Keeping Wine for the Long Haul
You don’t need a fancy space to cellar wine. Just some patience.

To enjoy aged wine, is it necessary to construct an elaborate wine cellar, carved into the depths of your home? Absolutely not. The most important part of creating a space to store your wine is finding a place where they will not be attacked by wine’s major enemies: light, heat, and humidity.

There’s a reason why most cellar-worthy wines come in a dark brown or green bottle. Just as your skin doesn’t appreciate too many UV rays, neither does your wine. Heat will cook wine, ruining it fairly quickly. Wild fluctuations in humidity can damage the cork, allowing too much oxygen to invade the bottle. So to start aging wines, find the coolest, darkest spot in your home. As long as there are no radical fluctuations in heat or humidity, you should be ok.

So why go through all this gratification-delaying effort? As wines age, primary, fruity flavors start to mingle with the unexpected delight of savory secondary notes. Wine is a living thing, constantly evolving and changing. And not just red wine; if you’re looking for value for the cellar, German Riesling can offer astonishing levels of pleasure and complexity.

Just don’t wait too long to enjoy them. Many wines are made to be enjoyed as soon as the are bottled. Particularly white wines, lighter reds, sparkling wines, and most wines under $30. The wines that really benefit from age tend to be the big reds from Bordeaux and Burgundy, Spain, Italy and California. You can keep tabs on the “drinkability” of your wines through websites such as, which tells you whether to drink or hold specific bottles.
from The Daily Sip, January 28, 2013


Tri-City Herald talks about the nursery in Benton City

If you are not familiar with the Wine Spectator’s rating system, here is a little background. The Wine Spectator is a monthly publication featuring wine from all over the world. Among the articles and interesting wine facts you will find the Wine Spectator Buying Guide. The Buying Guide is a collection of ratings on newly release wines, these ratings are the direct result of the Wine Spectator editors’ tasting process. The rating system is based on 100-points, these 100-point scores are given to represent the overall quality of the wine.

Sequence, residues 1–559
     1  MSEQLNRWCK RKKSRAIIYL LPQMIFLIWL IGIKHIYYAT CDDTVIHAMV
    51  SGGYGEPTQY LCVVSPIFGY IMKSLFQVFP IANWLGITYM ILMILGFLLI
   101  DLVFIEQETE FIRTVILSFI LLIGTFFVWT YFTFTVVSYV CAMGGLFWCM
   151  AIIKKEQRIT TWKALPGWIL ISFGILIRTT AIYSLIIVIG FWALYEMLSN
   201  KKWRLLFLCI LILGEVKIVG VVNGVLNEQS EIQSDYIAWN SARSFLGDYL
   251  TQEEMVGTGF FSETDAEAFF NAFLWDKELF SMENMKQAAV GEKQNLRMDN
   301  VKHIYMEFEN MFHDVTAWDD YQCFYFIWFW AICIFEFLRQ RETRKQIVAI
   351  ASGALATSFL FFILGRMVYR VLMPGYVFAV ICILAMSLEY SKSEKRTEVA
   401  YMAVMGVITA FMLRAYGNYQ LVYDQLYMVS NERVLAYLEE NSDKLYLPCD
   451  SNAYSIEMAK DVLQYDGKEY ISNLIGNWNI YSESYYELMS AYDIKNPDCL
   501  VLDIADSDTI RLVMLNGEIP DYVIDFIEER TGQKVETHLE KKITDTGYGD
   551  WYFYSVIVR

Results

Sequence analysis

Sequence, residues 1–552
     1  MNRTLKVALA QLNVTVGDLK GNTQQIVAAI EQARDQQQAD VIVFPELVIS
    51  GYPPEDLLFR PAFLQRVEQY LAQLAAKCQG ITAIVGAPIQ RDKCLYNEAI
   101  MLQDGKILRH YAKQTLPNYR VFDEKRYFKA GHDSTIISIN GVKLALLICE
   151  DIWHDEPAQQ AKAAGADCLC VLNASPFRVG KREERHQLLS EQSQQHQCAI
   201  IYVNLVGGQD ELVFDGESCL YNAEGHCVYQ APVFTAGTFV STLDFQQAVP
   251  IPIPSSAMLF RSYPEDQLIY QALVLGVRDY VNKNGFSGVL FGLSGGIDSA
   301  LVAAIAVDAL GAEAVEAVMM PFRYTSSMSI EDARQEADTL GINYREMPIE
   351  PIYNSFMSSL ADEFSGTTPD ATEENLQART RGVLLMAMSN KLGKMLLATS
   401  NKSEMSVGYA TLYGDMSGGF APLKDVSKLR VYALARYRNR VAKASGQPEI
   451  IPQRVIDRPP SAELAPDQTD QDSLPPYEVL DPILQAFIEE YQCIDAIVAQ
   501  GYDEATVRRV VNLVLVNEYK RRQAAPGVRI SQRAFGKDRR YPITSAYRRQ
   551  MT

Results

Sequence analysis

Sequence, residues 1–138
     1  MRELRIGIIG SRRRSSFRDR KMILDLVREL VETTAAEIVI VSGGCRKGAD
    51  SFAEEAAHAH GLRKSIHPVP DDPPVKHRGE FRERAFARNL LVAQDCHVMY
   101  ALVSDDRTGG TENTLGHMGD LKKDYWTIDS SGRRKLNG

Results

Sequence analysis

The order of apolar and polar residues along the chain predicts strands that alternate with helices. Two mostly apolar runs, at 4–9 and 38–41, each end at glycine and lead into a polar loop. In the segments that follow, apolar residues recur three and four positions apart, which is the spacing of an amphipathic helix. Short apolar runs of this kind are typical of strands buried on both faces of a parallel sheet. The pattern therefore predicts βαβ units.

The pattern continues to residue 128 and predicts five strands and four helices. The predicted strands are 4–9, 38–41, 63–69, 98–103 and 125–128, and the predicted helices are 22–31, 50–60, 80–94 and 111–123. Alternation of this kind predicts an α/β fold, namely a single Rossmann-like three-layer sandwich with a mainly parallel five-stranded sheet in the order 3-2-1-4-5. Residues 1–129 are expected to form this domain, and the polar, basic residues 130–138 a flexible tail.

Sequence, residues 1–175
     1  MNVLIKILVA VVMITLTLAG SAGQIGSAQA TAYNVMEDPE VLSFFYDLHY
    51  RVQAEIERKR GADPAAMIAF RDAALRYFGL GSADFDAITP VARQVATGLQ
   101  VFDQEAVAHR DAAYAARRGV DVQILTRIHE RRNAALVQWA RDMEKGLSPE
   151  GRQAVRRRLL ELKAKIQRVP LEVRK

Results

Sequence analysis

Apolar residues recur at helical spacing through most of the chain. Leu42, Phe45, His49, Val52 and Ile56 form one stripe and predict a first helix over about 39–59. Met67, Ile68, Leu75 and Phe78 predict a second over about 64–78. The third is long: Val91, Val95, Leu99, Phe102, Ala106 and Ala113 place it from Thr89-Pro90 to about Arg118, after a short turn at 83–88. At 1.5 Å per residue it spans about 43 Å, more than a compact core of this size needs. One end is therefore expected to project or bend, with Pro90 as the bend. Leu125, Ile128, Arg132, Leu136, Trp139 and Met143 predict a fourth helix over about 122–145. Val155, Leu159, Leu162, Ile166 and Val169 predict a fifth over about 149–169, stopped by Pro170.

100-point scoring system:
95-100 Classic
90-94 Outstanding
85-89 Very good
80-84 Good
The Wine Spectator also features wines monthly. The categories of featured wines are as follows:
Highly Recommended: The most impressive wines of the issue as selected by Wine Spectator.
Collectibles: Wines that will gain the most potential value with age.
Smart Buys: Wines available at the most affordable price.
Best Values: Wines that are overall good prices, widely available, and have consistently solid scores.

Girlfriends~ author unknown

I just finished taking an evening class atStanford. The last lecture was on the mind-body connection - the relationship between stress and disease. The speaker (head of psychiatry at Stanford) said, among other things, that one of the best things that a man could do for his health is to be married to a woman, whereas for a woman, one of the best things she could do for her health was to nurture her relationships with her girlfriends.

At first everyone laughed, but he was serious.

Women connect with each other differently and provide support systems that help each other to deal with stress and difficult life experiences. Physically this quality "girlfriend time" helps us to create more serotonin - a neurotransmitter that helps combat depression and can create a general feeling of well being. Women share feelings whereas men often form relationships around activities. They rarely sit down with a buddy and talk about how they feel about certain things or how their personal lives are going. Jobs? Yes. Sports? Yes. Cars? Yes. Fishing, hunting, golf? Yes. But their feelings? Rarely. 

Women do it all of the time. We share from our souls with our sisters/mothers, and evidently that is very good for our health. He said that spending time with a friend is just as important to our general health as jogging or working out at a gym.

There's a tendency to think that when we are exercising we are doing something good for our bodies, but when we are hanging out with friends, we are wasting our time and should be more productively engaged~not true. In fact, he said that failure to create and maintain quality personal relationships with other humans is as dangerous to our physical health as smoking!

So every time you hang out to schmooze with a gal pal, just pat yourself on the back and congratulate yourself for doing something good for your health! We are indeed very, very lucky. Sooooo let's toast to our friendship with our girlfriends. Evidently it's very good for our health.